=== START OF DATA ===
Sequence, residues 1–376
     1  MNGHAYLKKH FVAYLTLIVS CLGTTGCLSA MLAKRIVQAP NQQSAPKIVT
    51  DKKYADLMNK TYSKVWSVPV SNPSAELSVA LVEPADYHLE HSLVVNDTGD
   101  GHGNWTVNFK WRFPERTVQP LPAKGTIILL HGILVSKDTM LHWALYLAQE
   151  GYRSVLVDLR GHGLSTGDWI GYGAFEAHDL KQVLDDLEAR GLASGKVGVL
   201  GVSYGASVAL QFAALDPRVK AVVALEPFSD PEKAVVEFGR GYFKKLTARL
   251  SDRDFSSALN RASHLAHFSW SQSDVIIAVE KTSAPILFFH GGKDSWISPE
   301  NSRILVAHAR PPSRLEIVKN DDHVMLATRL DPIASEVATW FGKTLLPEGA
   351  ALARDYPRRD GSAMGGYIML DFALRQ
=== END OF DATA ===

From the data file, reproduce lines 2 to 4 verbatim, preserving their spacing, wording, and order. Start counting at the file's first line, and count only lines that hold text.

     1  MNGHAYLKKH FVAYLTLIVS CLGTTGCLSA MLAKRIVQAP NQQSAPKIVT
    51  DKKYADLMNK TYSKVWSVPV SNPSAELSVA LVEPADYHLE HSLVVNDTGD
   101  GHGNWTVNFK WRFPERTVQP LPAKGTIILL HGILVSKDTM LHWALYLAQE